Success: a Kind of Inventory

A reporter once asked GWB’s press officer, “How do you explain your failure to capture Osama bin Laden?”

The White House press officer said, “We don’t look at that as a failure, but as a success that hasn’t happened yet.”

There’s a lot to be said for potential, and the future is uncertain; the guy was right. Just because they hadn’t caught bin Laden up till then didn’t mean they wouldn’t. Still, the “spin” was hilarious.

In the web of a human life the notion of success is very complex. I’m an enormous success because I have an income, a home, enough to eat, a reliable car to drive and I can pay my bills. I’ve also been extremely successful in the matter of dogs. On the other hand, I’m a huge failure because I never managed to form a lasting romantic relationship and live happily ever after. I’m a great success as a writer because I wrote three good novels. I’m a failure as a writer because my books are not best-sellers. I’m an enormous success as a writer because two book groups are reading them this winter. A group in Texas is reading Martin of Gfenn and a group in Montana is reading The Brothers Path. 

I’m a success because I’ve done three paintings I’m enormously proud of and love enough to hang on my own walls. That says a lot because generally, I don’t like looking at my own work. I was a huge failure as a teacher because I never got tenure. I was a huge success as a teacher because people learned from me and some were even inspired. I’m also yugely successful because I have fulfilled my dreams of traveling and seeing more than the confines of my world, my country, my expectations; I’ve made opportunities for myself to follow that star, though some people have said, “You’re lucky.” Not luck; priorities. I’ve managed to learn a few languages well enough to “get by” in different countries. I did that myself as I discovered in college that the way languages are taught in school doesn’t help me learn. I’m a huge success because I’ve enjoyed my life.

However, I’m still struggling to successfully defeat this virus.

That’s the way it goes. Some things are in my control, most is out of my hands.

12 thoughts on “Success: a Kind of Inventory

  1. Fortunately, we are not actually required to define ourselves by either our triumphs or our defeats. I’ve got plenty of both and they are things I’ve done, stuff that happened to me, life accidents, good stuff, bad stuff … but it doesn’t add up to me. Or you. We are outside that.

    Except for the virus. That’s right in there. It’s bound to let go eventually. It just FEELS like forever. Chicken soup. It’s your last best hope.

    • You’re probably right about chicken soup, but I cannot eat another drop. My neighbor made me glorious and tasty homemade chicken soup, but even with that came a moment when my body said, “I can’t take any more.” Ice cream tastes good right now and normally, I can’t stand the stuff. It’s all a big mystery and I’m feeling like a character from Invasion of the Body Snatchers. 🙂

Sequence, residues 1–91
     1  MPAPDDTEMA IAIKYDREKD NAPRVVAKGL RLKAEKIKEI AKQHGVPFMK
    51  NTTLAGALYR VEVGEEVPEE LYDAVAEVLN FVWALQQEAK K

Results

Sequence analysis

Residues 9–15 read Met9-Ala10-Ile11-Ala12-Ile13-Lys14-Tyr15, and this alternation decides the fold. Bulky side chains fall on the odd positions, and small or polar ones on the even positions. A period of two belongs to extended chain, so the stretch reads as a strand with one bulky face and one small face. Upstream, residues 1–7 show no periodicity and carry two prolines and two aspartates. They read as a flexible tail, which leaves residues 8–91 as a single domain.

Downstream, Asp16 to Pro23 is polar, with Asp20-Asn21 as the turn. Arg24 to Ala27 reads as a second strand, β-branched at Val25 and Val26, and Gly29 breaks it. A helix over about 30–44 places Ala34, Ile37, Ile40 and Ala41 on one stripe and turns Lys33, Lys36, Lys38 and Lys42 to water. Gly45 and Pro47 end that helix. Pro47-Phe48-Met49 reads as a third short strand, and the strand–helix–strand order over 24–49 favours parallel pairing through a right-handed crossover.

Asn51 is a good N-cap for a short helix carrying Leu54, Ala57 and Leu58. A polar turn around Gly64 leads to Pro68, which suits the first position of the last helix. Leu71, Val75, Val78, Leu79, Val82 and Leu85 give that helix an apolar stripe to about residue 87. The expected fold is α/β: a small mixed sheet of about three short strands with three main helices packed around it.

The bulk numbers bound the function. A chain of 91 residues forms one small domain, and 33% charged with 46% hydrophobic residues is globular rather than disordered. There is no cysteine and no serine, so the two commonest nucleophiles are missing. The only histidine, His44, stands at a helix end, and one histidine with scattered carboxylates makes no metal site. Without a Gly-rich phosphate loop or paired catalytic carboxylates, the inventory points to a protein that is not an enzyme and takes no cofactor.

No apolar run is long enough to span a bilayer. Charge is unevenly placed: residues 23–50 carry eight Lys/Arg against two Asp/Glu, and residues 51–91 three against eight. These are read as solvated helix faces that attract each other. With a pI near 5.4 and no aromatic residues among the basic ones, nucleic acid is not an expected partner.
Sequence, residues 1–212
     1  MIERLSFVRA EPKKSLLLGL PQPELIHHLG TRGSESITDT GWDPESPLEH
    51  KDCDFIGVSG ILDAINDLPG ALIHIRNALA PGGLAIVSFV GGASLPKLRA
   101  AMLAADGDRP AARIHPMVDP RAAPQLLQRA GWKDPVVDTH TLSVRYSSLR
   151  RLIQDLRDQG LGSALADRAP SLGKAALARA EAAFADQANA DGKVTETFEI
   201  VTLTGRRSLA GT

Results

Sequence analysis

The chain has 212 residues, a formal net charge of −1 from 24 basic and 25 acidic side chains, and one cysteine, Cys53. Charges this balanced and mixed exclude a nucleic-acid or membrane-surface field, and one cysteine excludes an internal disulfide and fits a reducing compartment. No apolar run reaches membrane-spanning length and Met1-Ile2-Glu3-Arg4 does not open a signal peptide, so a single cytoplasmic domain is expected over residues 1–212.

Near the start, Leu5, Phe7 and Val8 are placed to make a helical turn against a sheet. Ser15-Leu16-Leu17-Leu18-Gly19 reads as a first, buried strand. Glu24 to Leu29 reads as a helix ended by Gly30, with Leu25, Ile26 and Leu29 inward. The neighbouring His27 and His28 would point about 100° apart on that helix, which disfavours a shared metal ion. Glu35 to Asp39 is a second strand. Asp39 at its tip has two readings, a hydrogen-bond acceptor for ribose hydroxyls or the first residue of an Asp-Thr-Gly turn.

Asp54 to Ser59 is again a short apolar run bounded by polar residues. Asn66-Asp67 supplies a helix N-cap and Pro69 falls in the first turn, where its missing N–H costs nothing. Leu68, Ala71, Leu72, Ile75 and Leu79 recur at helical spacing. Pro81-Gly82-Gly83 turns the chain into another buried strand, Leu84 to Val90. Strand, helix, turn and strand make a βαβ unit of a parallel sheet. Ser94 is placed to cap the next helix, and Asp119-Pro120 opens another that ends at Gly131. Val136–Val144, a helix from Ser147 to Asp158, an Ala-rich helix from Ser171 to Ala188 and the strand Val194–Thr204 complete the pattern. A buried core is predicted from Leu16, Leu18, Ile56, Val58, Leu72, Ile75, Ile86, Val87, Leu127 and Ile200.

2. I read your post slowly: thinking, responding, agreeing, connecting. Then your last two lines tickled me no end. I’m still tee-heeing. I’m sorry you’re sick, but can’t help but feel your pain was worth my mirth. This idea of personal success and failure is intriguing. Like you, I’ve experienced more than my share of both. And as a teacher, I also understand that teaching can cause both success and failure — sometimes on a daily basis. Though, over-all, like you, I think I was a success.

    • Thank you. I guess some of what we call success is in our control, some depends on how we look at it, and much of what we aspire to is not in our control at all – like this virus. But…teaching. The biggest success, for me, is that I loved it for almost the entire 30+ years and given the option, I would do it all again. ❤

      • I tell young people who are wondering if they should go into teaching that every day was rewarding for me, that I was never bored, and that, like you, I would do it all again. I was always baffled by colleagues who told their children not to go into education.

        • There’s no money in it. I think that’s one of the reasons. I also think that many people go into education for different reasons than I did. I went into it because, between under grad and grad school, I taught a man to read. I had never felt as happy or satisfied in my life. I knew that was what I wanted more than I wanted money or any other thing. I worked as a volunteer teacher in a literacy program all the way through grad school and after. I was very lucky to accidentally walk into my destiny. I’d never thought of becoming a teacher. I was going to be a famous writer or journalist.

    • Thank you! I think I’m a success, too. I did everything that it was in my power to do as well as I could and I have been happy. I don’t know what else there is! 🙂 ❤

  3. Hopefully you’ll over come this virus and return to your successful existence living a full life in the wilderness with your wonderful canine companions. ❤

    • Thank you! I dream of that every night, Barb, believe me. But I think I got this because I didn’t give myself time to fully recover from the first bout so I am taking my time… ❤

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